More on the Texas GOP purity test

A recent post discussed efforts by some in the GOP to create a test of party loyalty for candidates. Here are some details on the Texas version.

The Tarrant County GOP’s message to candidates (2010-tcgop-candidate-platform-review-form3) includes the ten-item test for Republican candidates. While there has been a lot of discussion about this test, there’s actually very little to it.

Most of the ten points are such general platitudes that agreeing has almost no meaning.  For example, statement #1 reads:

“We respect and cherish the Declaration of Independence, the Constitution, and our Founders’ intent to restrict the power of the federal government over the states and the people. We believe self-government, based on personal integrity of a proper moral foundation, is the best government. This is best balanced with limited civil government, coupled with public trust, to provide collectively for the people those services not efficiently achieved individually.”

Republicans (as well as Democrats, Libertarians, and independents) could such a broad statement because speak to “restricting” the federal government with no explanation about the limits on federal power might be. Some conservatives would frame this in terms of health care. Many liberals would refer to civil liberties and the Patriot Act.

There are a couple of points that will give even some candidates pause. Point #2 declares that life begins “at the moment of fertilization” and that “all innocent human life” must be protected. With no exception for rape or incest, some candidates will not be able to sign on.  Point #5 limits marriage as being between “a natural man and a natural woman.” Log Cabin Republicans and libertarian Republicans will pause there.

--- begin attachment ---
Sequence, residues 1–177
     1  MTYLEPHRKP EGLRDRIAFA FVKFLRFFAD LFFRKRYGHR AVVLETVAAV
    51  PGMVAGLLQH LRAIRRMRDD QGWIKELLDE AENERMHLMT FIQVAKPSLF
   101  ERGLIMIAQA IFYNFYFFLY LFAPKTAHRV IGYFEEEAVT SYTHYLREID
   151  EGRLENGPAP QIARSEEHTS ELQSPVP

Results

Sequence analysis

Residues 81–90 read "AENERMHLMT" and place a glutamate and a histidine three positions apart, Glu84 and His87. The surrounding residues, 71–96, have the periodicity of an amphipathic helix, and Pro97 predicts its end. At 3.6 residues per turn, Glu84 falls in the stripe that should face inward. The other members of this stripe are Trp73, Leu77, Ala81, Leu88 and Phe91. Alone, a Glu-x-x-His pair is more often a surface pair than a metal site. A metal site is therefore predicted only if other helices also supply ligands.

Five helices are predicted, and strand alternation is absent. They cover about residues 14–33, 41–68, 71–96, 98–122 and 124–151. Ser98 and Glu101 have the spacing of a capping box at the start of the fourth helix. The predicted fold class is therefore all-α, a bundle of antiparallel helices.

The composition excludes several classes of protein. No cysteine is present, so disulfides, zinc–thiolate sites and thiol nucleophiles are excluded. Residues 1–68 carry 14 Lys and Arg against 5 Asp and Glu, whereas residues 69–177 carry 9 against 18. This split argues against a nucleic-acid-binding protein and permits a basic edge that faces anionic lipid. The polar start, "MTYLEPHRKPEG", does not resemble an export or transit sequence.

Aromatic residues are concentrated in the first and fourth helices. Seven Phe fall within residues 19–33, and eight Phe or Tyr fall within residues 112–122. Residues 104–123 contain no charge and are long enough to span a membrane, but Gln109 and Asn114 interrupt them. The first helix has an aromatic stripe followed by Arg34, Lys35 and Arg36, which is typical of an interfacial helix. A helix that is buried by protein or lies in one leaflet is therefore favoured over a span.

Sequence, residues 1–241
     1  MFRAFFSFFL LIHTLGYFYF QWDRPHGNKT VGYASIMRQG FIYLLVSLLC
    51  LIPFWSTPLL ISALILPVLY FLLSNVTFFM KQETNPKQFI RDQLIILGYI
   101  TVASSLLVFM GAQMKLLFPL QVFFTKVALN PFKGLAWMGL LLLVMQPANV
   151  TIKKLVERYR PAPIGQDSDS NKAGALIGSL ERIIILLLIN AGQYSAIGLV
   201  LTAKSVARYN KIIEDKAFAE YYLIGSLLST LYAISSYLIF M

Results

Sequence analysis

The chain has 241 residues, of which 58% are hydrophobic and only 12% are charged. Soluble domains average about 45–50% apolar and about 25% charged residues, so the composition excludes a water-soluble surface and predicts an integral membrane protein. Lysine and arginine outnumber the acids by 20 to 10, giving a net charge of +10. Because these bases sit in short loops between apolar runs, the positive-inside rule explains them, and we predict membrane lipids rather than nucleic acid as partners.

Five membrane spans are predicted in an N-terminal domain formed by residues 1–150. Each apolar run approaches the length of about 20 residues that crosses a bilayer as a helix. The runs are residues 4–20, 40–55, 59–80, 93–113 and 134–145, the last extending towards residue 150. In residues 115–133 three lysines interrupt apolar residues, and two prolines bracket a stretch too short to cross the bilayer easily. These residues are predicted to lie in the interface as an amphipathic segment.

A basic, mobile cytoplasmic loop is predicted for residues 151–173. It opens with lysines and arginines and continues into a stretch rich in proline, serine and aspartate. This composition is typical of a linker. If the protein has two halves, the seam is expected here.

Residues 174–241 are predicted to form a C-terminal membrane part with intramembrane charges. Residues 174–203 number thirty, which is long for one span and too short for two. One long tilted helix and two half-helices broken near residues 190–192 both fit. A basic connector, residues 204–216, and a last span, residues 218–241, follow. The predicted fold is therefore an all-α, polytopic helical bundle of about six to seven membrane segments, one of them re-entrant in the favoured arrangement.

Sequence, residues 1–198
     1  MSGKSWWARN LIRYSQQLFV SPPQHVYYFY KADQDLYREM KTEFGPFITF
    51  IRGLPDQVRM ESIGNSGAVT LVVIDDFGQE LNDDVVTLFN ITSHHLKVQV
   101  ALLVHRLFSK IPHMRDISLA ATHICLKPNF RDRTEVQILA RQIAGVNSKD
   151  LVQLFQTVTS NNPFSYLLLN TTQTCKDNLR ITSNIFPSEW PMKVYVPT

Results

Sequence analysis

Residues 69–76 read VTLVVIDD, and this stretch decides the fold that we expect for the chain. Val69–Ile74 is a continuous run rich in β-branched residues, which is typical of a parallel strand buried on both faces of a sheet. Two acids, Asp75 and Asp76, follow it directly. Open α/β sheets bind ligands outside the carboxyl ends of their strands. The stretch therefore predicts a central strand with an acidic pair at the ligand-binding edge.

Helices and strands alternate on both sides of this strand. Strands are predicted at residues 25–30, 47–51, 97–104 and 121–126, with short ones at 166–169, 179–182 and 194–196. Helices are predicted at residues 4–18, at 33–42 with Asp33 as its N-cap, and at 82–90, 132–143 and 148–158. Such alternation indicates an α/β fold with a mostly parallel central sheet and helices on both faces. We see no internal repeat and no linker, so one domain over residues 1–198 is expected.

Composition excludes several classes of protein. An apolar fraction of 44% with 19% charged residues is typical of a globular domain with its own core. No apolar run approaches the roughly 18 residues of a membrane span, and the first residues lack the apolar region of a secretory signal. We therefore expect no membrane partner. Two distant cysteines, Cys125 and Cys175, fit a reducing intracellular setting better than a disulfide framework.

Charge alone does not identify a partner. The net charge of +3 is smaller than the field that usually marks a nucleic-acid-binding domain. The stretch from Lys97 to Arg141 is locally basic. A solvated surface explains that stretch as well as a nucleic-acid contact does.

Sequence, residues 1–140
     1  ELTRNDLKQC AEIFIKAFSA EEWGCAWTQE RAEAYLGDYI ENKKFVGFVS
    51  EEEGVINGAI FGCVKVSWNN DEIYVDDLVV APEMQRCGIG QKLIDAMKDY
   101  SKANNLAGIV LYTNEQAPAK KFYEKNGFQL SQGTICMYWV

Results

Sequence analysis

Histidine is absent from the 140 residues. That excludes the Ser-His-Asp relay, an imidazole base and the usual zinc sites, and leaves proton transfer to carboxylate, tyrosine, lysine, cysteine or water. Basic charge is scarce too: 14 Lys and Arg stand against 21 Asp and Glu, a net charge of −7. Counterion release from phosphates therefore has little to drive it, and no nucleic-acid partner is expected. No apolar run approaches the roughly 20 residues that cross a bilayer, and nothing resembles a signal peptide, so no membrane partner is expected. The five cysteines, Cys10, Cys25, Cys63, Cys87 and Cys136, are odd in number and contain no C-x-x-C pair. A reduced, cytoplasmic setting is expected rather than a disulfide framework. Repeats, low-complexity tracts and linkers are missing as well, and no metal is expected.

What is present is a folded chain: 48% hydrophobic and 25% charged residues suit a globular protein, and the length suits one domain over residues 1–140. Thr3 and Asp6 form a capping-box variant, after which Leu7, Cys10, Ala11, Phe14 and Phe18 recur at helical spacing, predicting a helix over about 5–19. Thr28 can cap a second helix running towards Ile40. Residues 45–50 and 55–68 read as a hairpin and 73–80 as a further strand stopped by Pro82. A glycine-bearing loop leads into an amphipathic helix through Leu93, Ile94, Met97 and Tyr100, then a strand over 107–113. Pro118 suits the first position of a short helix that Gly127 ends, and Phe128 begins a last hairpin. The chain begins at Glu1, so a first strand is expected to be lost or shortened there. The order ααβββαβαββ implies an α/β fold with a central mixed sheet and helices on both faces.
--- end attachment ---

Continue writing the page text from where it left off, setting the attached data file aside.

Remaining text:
Beyond that, the language is actually less strident than it sounds. Point #4 assertion that “We believe that government spending is out of control and needs to be reduced” could have been written to limit the grievance to only the federal government (at the time of the platform, under the leadership of George W. Bush). Instead, it can be read to include the state government (under Rick Perry and the Republicans).

There seems to be some Republicans who wish to use the adherence to the party platform and party rules to exclude “Tea Party” fans and/or moderates from roles in the party. However, there would be two problems with that argument:

  1. How would parties change if adherence to a political philosophy could be required of party members? Freedom of speech is fundamental to democracy and excluding certain voices is no more appropriate in a the Republican Party than it would be in the republic in general.
  2. The party rules do not support excluding candidates (including those for party offices like precinct chair). The rules behind the Republican platform quiz are not part of eligibility requirements. They relate only to eligibility for funds from the Candidate Resource Committee of the State Republican Executive Committee. The Tea Party” crowd wasn’t counting on the support of the party establishment.

The questionnaire is much ado about nothing. However, the Republican establishment runs the risk of over-playing its hand. Some Republicans have pointed out similar Democratic pledges in the past. However, Democratic loyalty oaths in the past were symptoms of weakness in the Democratic ranks and should not be held up as a prescription for a healthy party.

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